Review of The Chief: The Life and Turbulent Times of Chief Justice John Roberts, by Joan Biskupic, and First: Sandra Day O’Connor, by Evan Thomas

New York: Basic Books, 2019 

New York: Random House, 2019


The challenge in a judicial biography is to make the material interesting to general readers as well as to lawyers and academics. That is not always easy, as even an important Supreme Court justice may have led a relatively unremarkable life. This essay reviews Joan Biskupic’s biography of John Roberts and Evan Thomas’s biography of Sandra Day O’Connor, both of which are well-written and exhaustive. It will come as little surprise that Justice O’Connor is a far more interesting subject than Chief Justice Roberts, and that difference is also reflected in their jurisprudence. Roberts, whose career arc was steadily and predictably upward from high school to the Supreme Court, affects a technocratic, nearly antiseptic, judging style. O’Connor, in contrast, led a more complex and eventful life. Her experiences brought her to an empathetic, less detached, approach to her work, taking fuller account of the impact her decisions could have on individuals.  

Joan Biskupic specializes in Supreme Court justices, having previously written biographies of Antonin Scalia (2010), an earlier one of Sandra Day O’Connor (2006), and Sonia Sotomayor (2015). Scalia was an outsized personality and both O’Connor and Sotomayor overcame unprecedented obstacles. They would have been fascinating subjects even if they had never served on the Court. But what is there to say about Roberts other than that he is chief justice? 

Biskupic’s task is made even more difficult because Roberts is still sitting, and so his papers are unavailable. He spoke with her only off the record, and everyone else with useful information—clerks, colleagues, and friends—was understandably circumspect in how much they would disclose. Biskupic makes a valiant effort to say something revealing nonetheless, though Roberts has not given her much to work with. His pre-SCOTUS life is basically a tale of scholastic achievement, followed by career successes, all by dint of overwhelming brainpower and prodigiously hard work. It is impressive but, to be honest, pretty dull.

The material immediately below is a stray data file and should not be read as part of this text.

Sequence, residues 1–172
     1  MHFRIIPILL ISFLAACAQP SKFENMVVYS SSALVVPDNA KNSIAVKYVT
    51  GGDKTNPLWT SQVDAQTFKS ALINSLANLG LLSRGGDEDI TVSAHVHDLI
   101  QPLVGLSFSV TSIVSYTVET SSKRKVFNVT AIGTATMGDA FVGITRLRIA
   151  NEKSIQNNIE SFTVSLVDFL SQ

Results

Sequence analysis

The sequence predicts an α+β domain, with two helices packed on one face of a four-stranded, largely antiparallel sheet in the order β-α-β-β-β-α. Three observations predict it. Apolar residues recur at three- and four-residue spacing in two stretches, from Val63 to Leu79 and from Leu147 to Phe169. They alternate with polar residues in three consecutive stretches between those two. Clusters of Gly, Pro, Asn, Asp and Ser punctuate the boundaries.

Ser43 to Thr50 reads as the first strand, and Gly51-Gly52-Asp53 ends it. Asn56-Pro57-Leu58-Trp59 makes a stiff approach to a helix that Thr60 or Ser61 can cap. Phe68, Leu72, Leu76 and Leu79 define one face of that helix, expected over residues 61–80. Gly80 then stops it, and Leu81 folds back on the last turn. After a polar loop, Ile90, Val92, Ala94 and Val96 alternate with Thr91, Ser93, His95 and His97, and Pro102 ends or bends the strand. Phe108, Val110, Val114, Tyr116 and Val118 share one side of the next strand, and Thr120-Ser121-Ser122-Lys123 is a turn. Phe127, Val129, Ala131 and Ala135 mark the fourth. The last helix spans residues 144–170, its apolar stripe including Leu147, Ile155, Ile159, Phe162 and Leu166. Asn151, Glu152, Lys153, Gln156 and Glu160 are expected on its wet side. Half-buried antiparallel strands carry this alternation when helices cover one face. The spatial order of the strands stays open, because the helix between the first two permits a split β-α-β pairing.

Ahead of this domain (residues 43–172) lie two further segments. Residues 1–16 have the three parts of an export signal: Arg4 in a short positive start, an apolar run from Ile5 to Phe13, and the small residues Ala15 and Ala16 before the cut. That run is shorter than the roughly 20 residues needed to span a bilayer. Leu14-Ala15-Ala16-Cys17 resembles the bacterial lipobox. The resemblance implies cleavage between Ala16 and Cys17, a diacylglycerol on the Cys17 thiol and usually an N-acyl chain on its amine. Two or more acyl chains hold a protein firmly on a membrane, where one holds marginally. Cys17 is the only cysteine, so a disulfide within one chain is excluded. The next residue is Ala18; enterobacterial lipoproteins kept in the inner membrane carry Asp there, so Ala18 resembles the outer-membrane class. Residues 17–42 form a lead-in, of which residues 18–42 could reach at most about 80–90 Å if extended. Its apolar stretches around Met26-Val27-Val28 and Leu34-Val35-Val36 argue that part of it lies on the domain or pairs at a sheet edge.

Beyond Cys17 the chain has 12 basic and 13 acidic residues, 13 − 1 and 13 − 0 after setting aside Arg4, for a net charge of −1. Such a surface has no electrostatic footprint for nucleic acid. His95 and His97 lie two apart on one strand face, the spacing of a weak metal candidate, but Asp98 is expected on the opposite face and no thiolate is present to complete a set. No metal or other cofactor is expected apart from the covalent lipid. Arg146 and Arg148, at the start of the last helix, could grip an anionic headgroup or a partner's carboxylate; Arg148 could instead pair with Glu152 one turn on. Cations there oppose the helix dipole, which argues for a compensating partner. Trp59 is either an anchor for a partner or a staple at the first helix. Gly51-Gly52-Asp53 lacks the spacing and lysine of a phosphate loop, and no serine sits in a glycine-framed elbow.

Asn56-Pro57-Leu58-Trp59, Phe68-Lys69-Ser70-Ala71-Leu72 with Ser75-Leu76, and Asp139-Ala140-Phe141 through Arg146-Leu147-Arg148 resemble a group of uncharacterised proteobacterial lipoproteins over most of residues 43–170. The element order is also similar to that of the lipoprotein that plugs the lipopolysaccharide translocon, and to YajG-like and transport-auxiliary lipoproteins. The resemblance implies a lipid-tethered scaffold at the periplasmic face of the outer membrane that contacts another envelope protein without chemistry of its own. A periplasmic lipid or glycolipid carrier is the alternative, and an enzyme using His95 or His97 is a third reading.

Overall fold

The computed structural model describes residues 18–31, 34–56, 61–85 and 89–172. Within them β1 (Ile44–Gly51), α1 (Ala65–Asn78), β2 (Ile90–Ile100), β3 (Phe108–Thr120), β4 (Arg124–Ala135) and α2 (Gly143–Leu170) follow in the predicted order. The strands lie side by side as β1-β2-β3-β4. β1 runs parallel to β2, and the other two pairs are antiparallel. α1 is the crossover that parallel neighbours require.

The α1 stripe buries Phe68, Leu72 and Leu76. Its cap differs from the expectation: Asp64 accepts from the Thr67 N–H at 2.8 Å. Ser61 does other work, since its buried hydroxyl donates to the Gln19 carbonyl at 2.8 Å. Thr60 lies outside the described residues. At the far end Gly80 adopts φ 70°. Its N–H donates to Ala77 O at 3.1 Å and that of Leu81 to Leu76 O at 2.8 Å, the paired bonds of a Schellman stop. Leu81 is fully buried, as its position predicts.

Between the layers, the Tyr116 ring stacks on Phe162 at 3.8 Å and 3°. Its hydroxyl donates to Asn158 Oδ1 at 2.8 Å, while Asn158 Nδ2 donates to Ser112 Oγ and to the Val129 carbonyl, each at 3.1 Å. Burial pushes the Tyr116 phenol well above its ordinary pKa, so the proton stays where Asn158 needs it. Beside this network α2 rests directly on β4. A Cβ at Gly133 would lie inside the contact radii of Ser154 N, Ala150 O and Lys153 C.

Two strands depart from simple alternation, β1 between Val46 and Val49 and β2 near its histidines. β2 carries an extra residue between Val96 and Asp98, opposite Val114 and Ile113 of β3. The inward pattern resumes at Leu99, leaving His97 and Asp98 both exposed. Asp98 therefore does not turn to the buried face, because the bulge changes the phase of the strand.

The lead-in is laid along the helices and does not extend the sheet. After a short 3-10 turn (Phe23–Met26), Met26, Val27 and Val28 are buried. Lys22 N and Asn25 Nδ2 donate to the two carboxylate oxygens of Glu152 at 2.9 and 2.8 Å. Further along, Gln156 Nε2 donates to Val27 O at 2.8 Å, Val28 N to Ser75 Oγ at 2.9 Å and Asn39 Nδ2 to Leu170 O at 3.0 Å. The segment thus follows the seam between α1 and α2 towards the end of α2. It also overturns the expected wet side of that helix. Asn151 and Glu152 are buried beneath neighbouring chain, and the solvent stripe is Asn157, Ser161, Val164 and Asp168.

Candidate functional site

As the gifted son in an affluent home, Roberts was given nearly all of life’s advantages, and he took full advantage of them. Raised in Long Beach, Indiana, a wealthy enclave on the shore of Lake Michigan, Roberts attended an exclusive boarding school, where he succeeded at everything he tried. And he knew why he was doing it. One of Biskupic’s great finds is Roberts’s handwritten application letter to La Lumiere School (reproduced at 12). “I won’t be content to get a good job by getting a good education,” he wrote, “I want to get the best job by getting the best education.” 

If all happy families are alike, at least in terms of literary interest, so are all outstanding students. Roberts marched through Harvard College and Harvard Law School, and went on to clerk from Judge Henry Friendly of the Second Circuit, and then Justice William Rehnquist of the Supreme Court.  In 1981, a recommendation from Rehnquist got Roberts a position in the newly installed Reagan administration, as a special assistant to Attorney General William French Smith. He was 26 years old. 

Roberts’s outstanding work drew the attention of White House counsel Fred Fielding, who recruited Roberts to his staff in 1982. After only a year at DOJ, Roberts was on the “fast track,” which was how his former colleague Kenneth Starr put it in a congratulatory note (82). 

One thing kept leading to another, as Roberts’s brilliant career continued to advance in the Reagan and Bush 41 administrations, by virtue of his exceptional intellect, impressive work ethic, and dedication to staunchly conservative principles. In 1993, following the election of Bill Clinton, Roberts returned to private practice at Hogan & Hartson (now Hogan Lovells), where he would establish himself as one of the outstanding appellate litigators of his generation. He argued 39 cases before the Supreme Court, winning 25. 

After two stalled nominations to the District of Columbia Circuit (in 1992 and 2001), Roberts was finally confirmed by a Republican controlled Senate in 2003, marking the penultimate step in his quest for the “best job.”  

When Sandra Day O’Connor resigned in July 2005, Roberts was nominated to take her seat on the Supreme Court. Before the Senate could hold confirmation hearings, however, William Rehnquist died, and Roberts was re-designated as Bush 43’s nominee for chief justice. Roberts was confirmed on September 29, 2005 (by a vote of 78-22), just in time to take the center seat when the Court convened in October.